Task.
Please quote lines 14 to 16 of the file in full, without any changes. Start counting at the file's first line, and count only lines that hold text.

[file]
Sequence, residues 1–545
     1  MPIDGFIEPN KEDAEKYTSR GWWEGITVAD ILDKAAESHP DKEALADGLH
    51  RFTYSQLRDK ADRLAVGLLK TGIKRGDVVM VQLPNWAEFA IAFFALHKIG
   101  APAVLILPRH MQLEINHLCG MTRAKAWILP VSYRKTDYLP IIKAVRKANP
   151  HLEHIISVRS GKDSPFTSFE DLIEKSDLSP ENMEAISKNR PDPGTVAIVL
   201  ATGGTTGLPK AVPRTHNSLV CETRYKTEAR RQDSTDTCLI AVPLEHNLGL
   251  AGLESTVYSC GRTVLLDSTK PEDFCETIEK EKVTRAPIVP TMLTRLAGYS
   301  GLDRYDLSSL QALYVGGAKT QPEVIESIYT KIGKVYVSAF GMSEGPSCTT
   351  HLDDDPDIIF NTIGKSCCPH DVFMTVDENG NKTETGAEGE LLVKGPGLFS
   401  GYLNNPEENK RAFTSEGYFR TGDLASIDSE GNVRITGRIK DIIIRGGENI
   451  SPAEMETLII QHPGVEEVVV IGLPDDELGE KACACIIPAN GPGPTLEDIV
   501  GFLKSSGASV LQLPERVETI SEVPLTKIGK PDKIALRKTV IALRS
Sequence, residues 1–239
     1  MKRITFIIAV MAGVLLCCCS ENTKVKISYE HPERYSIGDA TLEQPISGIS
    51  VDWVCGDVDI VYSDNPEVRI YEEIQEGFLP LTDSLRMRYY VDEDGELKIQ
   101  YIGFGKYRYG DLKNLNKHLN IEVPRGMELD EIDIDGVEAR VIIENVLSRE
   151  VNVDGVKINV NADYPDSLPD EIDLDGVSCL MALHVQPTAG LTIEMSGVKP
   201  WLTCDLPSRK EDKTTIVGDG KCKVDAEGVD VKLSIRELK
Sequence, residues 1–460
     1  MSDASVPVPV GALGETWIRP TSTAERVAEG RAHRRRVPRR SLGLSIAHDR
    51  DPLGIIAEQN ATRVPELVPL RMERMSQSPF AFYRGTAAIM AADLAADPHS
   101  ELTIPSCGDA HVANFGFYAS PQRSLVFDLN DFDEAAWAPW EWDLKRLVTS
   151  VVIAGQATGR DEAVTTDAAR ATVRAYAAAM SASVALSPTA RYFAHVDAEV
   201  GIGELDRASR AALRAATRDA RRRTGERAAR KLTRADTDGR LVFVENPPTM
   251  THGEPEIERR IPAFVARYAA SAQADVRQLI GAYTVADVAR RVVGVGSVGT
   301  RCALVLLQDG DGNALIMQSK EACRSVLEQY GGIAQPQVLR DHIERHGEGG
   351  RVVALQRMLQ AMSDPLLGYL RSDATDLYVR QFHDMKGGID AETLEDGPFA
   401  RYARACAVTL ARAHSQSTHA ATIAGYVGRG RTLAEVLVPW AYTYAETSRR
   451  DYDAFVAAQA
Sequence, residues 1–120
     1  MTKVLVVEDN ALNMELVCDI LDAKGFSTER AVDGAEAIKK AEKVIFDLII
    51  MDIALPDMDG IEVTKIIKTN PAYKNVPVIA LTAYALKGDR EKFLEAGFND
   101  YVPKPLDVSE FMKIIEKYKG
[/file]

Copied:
     1  MKRITFIIAV MAGVLLCCCS ENTKVKISYE HPERYSIGDA TLEQPISGIS
    51  VDWVCGDVDI VYSDNPEVRI YEEIQEGFLP LTDSLRMRYY VDEDGELKIQ
   101  YIGFGKYRYG DLKNLNKHLN IEVPRGMELD EIDIDGVEAR VIIENVLSRE